Last updated on September 2018

Collagen Implant Compared to Gluteus Maximus Flap for Reconstruction of Pelvic Floor After ELAPE/EAPE in Rectal Cancer

Brief description of study

The trial compares two different techniques for reconstruction of the lesser pelvic floor after an extended abdominoperineal excision for locally advanced rectal cancer. The alternative reconstruction techniques in the trial are:

  • a technique using a gluteus maximus myocutaneous flap or
  • a technique using an acellular porcine collagen implant

The primary endpoint will be physical performance six months from operation and our hypothesis is that the technique using an acellular porcine implant will cause less impaired physical performance compared to the technique using a myocutaneous flap.

The study is interventional, randomized and by definition a comparative effectiveness research project.

Detailed Study Description

Extended abdominoperineal excision (EAPE) of the rectum is the potentially curative operation for rectal carcinomas too low for primary anastomosis, especially if the levator and sphincter musculature is infiltrated. This enlarged operation, when the levator musculature is excised en bloc with the rectum, creates a large defect. Primary closure is often not possible, and reconstruction with prosthetic material or a myocutaneous flap is necessary to avoid a perineal hernia. Implantation of a collagen sheet has shown preliminary good results and on the other hand, the use of a gluteus myocutaneous flap is routine in many clinics. There is a lack of scientific evidence to prove which method is better for the reconstruction of the lesser pelvic floor.

The current study aims to compare the two reconstruction techniques.

Centres that treat locally advanced rectal cancers with the extended abdominoperineal excision of rectum (EAPE)[Holm et al 2007] can participate provided that:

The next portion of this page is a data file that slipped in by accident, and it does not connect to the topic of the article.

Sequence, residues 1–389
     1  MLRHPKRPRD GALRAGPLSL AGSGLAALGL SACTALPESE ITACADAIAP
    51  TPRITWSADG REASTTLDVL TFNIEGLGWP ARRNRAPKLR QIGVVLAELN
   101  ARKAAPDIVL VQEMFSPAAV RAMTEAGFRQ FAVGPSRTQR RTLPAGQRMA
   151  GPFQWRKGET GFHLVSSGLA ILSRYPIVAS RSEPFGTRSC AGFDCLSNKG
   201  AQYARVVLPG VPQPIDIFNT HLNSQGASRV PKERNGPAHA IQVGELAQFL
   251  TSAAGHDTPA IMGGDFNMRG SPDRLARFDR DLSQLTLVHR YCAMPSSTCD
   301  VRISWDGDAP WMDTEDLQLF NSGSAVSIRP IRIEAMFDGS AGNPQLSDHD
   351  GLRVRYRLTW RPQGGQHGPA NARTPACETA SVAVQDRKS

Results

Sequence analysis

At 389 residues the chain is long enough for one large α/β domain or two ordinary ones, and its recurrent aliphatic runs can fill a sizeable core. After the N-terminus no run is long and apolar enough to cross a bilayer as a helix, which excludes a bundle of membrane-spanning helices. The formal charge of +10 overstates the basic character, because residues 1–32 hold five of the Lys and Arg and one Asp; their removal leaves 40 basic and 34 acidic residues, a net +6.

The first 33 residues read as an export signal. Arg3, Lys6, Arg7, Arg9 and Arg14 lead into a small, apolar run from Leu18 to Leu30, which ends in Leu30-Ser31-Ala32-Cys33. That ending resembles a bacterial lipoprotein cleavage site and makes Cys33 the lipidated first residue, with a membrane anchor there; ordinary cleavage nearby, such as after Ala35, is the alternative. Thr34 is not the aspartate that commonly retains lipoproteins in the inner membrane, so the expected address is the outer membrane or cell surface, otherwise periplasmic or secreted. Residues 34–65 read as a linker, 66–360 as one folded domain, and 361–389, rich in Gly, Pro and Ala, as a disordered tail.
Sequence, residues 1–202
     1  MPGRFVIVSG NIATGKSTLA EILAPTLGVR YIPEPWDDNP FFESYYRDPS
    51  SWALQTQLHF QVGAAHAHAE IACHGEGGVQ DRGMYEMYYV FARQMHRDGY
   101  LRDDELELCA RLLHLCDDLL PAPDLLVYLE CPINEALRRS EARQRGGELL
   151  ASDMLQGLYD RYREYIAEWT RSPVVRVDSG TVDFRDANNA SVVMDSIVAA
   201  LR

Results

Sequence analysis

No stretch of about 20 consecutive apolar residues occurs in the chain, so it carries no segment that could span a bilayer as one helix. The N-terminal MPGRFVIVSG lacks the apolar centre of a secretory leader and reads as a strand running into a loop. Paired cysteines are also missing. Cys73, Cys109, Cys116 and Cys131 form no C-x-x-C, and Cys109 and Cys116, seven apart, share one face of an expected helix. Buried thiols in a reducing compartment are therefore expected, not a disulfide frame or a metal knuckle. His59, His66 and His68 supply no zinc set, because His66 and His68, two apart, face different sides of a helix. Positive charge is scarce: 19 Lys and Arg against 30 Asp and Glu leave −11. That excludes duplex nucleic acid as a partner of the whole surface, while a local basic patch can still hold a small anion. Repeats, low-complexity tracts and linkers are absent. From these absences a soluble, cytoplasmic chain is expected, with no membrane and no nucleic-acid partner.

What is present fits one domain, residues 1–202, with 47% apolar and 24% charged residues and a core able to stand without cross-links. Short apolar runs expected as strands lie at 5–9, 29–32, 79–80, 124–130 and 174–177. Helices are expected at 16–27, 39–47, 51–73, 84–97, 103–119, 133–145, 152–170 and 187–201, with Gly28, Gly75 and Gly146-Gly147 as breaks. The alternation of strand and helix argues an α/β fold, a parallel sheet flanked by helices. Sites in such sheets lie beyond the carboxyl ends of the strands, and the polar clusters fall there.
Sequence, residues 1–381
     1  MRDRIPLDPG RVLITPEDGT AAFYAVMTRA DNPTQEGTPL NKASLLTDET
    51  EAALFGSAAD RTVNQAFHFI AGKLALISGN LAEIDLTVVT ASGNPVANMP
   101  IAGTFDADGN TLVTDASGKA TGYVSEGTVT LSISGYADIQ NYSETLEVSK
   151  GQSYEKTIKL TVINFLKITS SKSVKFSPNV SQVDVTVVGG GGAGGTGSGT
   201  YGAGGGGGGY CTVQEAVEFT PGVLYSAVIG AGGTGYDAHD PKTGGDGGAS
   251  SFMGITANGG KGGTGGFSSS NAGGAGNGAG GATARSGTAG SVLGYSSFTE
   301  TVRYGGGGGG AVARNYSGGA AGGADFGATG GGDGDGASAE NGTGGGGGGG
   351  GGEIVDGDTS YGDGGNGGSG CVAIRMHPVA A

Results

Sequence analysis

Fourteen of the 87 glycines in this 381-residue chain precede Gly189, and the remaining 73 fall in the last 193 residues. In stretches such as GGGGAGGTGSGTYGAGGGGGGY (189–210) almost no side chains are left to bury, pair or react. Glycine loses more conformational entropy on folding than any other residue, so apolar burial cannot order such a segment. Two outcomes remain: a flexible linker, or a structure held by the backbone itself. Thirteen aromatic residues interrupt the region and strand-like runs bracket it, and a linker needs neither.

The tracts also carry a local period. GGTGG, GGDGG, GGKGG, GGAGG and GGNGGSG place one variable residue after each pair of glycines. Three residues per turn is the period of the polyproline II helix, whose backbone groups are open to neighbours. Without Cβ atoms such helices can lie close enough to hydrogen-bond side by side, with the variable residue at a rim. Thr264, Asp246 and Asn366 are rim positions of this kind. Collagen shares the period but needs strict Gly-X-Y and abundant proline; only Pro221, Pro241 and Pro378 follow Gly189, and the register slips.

1. the operative technique is standardized according to the study protocol
  2. the centre/unit has resources for examinations of participants by a physiotherapist or a nurse
  3. the centre/unit has one investigator in charge of the study locally
  4. the centre/unit has an operative volume that enables at least 6 patients to be included/randomised during the anticipated three year study phase for inclusions

Centres that do not operate the rectal cancers included in this study can participate by arranging the preoperative examination and physical tests as well as follow-up of patients that are referred to other centres for the operation. In these cases the operating centre cares for the randomisation, operation and start of postoperative rehabilitation while the study follow-up and final rehabilitation can be completed at the patients' primary referral hospital. The primary referral hospital needs a site investigator in charge of study patients just like centres that do the operations.

Patients with primary or recurrent cancers of rectal origin can be included but individual patients can be included only once. Concomitant therapies are allowed and preoperative or postoperative radiation therapy and/or chemotherapy may be given or not according to local multidisciplinary team (MDT) decisions.

Clinical Study Identifier: NCT01347697

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